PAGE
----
How to Market your Vacation Rental with a Blog

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Blogs have gone way beyond being just a platform for self involved people to share uninteresting details of their mundane everyday life. Although there a plenty of these types of ‘journal’ around, the whole focus of blogging has changed. Businesses and entrepreneurs are using the blogging medium to promote their products and services to a massive audience.

How to use a blog to promote your vacation rental

Blogs are dynamic. This means that, unlike a website that remains static once you have got it up and running, a blog is updated regularly. There is always new content for readers to see. With a traditional website it may be costly to keep making changes each time you buy a new appliance for the cottage or take new photos; a blog is free to add to, and keep fresh. Once you begin to get visitors, they will keep coming back for more, to see what you have added and to find out what they can do on their vacation at your cottage.

You can promote local festivals, restaurants, day trip ideas, provincial parks, area attractions – in short, anything that might motivate people to come to your vacation home.

Use the blog to write short, descriptive posts about places to go and things to see in the area. Just to give you an idea, my cottage is in Eastern Ontario – in a quiet, rural area. However, within two hours of the cottage there are lots of things to do, see and experience. I just spent 10 minutes and came up with a list of things I could write about:

  1. A new restaurant that just opened
  2. A craft show or arts tour
  3. What’s on at the local Theatre
  4. Local hiking trails
  5. Fishing on the lake
  6. Best buys at the yummy bakery in the nearby town
  7. Music festivals
  8. Winter festivals
  9. Waterfront concerts in the local town
  10. Interesting Museums
  11. Provincial Parks in the area
  12. Caves and mines to visit
  13. Local factory outlets
  14. Best canoe routes from the cottage
  15. Local cheese factory
  16. Flea Market
  17. Wine tours in the area
  18. Where to take float plane trip
  19. Where to take a river boat or cruise
  20. Sugarbush festival
  21. Thanksgiving Fairs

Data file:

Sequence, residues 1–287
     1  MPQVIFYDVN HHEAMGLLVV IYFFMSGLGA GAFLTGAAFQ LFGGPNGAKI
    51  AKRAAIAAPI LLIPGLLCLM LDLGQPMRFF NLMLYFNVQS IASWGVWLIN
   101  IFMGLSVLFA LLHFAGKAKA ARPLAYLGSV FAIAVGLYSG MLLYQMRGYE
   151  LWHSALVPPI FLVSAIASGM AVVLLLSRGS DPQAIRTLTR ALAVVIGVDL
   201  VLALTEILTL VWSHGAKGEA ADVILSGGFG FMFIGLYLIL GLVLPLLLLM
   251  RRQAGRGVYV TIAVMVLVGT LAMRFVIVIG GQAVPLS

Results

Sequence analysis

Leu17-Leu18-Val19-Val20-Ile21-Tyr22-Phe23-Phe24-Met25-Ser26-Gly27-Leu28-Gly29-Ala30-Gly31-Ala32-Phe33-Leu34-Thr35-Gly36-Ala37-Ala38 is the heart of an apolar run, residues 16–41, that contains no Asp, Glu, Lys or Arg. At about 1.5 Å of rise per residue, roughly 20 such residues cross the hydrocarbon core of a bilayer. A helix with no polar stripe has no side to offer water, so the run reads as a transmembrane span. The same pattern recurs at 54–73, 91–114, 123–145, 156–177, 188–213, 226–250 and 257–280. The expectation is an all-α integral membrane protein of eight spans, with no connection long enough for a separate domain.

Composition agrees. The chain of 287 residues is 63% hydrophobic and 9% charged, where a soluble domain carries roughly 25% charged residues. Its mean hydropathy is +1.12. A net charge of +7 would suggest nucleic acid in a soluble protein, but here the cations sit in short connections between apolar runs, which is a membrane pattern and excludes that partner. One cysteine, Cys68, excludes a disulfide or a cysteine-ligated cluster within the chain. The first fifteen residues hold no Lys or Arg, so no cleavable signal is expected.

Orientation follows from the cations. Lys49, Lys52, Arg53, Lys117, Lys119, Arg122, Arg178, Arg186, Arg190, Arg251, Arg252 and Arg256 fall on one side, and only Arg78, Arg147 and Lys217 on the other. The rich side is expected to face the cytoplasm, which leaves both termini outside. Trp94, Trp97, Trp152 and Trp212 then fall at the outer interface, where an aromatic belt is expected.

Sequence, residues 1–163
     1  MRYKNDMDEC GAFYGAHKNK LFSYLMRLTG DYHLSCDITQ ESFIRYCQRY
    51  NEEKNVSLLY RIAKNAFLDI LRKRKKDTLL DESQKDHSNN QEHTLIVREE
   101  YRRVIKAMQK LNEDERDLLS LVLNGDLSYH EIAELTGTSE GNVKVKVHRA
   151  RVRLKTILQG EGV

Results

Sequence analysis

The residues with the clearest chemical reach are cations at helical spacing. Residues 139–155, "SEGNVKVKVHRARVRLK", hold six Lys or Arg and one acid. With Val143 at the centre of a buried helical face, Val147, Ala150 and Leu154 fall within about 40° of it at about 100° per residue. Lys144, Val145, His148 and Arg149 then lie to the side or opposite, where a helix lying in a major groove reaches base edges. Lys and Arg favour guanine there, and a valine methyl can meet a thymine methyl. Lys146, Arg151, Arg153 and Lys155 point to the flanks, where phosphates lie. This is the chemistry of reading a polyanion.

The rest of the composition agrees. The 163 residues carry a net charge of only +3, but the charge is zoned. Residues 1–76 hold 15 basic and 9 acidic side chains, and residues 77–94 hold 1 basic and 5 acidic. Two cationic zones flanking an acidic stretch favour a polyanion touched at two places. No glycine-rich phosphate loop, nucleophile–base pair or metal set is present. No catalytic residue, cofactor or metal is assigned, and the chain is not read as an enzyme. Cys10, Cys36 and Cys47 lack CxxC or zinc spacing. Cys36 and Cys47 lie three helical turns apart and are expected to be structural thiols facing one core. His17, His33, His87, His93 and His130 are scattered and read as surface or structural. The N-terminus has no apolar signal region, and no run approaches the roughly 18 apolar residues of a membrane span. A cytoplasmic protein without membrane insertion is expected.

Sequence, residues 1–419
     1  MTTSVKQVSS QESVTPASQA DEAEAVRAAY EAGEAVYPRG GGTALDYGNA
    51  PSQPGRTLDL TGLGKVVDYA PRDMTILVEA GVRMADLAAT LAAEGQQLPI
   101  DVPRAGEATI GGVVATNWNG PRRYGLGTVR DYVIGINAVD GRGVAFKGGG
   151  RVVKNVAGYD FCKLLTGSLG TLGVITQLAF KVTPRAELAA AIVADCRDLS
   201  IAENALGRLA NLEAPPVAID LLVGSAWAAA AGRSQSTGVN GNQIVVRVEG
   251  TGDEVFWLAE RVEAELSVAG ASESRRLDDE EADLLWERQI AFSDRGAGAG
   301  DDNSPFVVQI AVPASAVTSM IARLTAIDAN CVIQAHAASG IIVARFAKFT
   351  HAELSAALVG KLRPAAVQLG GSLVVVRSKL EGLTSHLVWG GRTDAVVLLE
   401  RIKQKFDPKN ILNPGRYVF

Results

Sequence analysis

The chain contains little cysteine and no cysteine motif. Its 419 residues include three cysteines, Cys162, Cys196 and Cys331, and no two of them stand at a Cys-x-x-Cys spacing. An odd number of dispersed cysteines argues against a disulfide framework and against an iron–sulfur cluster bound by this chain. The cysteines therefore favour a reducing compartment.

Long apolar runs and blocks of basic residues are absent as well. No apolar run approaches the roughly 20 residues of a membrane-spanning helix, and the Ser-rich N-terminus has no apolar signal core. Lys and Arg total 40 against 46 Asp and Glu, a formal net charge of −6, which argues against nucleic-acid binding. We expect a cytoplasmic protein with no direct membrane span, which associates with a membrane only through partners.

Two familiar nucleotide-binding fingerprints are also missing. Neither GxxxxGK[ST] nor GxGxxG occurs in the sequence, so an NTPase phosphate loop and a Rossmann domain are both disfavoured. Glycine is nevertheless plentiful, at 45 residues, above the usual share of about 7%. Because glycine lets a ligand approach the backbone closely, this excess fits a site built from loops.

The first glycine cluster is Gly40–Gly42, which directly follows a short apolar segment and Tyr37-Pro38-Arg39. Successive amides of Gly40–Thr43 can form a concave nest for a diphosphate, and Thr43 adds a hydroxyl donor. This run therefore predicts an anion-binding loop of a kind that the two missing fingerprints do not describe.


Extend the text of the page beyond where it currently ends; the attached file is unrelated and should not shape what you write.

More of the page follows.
22. Cross country ski trails
  23. Farmer’s Markets
  24. Restaurant reviews – one for each month
  25. Bicycle tours
  26. Snowmobile trails
  27. Geocaching in the area
  28. Nature watch around the cottage
  29. Horse riding
  30. Antiquing
  31. Cruise nights
  32. Agricultural fairs
  33. Military museums
  34. Where to watch ice hockey
  35. Where to ice fish
  36. Local breweries and wineries
  37. Nearby public beaches
  38. Santa Claus parades
  39. Where best to see fall colours
  40. Best places to take photographs
  41. Rodeos and stampedes
  42. Boat rental
  43. A monthly day trip giving a route and directions outlining places of interest

Including the 12 restaurant reviews I’ve got enough for at least one post a week, and could easily think of another 40 or so topics just on stuff in the local area. Then add a post or two each week talking about the cottage itself; a few book reviews; my favourite cottage recipes; traditional cottage games, and some photo posts and I’ve got a year’s worth of content.

Alison Meacham from Florida Vacation Rentals has a great blog about her villa rentals and all things Disney. Take a look and get an idea of the type of things she writes about. Alison has also created static pages where she can describe her villa and include photos.

So, where do you start?
Building a blog with good content – enough of it so people will visit and spend some time reading – takes time and a bit of effort. But, it can be completely free, or involve minimal expense. I’m quite a newbie at blogs myself so will not attempt to do a beginners guide here; there are plenty out there on the web already. Here’s two I think offer a good foundation:


Robin Good’s How to Blog – A Beginners Blog Publishing Guide

A no-nonsense and straightforward article on blogging, that includes lots of links to other useful resources.

Problogger’s Blogging Tips for Beginners

Darren Rowse of Problogger is probably the top dog when it comes to writing for beginners and provides a no-nonsense guide to setting up and maintaining a blog.


While you are learning all about this new medium you will come across the word ‘monetizing’. This means doing all you can to make money from your blog. It could be by including Google Ads; reviewing books you like using an Amazon affiliate programme; even writing and selling an ebook on your site. I will come back to this in a later post.

I’m thinking of starting a new blog for my cottage. Having generated the list of things I could write about, it seems a no-brainer to get this up and running and see just how much additional traffic and interest it gets for the cottage. I have been a bit reluctant before as we have no problem finding guests to rent it, but there are a few months in the year that present a few challenges, so it might just be worthwhile. I’ll call it the Osprey Experiment – for Osprey Cottage – and keep you updated on how it’s going.

In the meantime, why not give this a whirl. If nothing else, it’ll bring you up to speed on what’s going on in the world of social media. Let me know how you get on.


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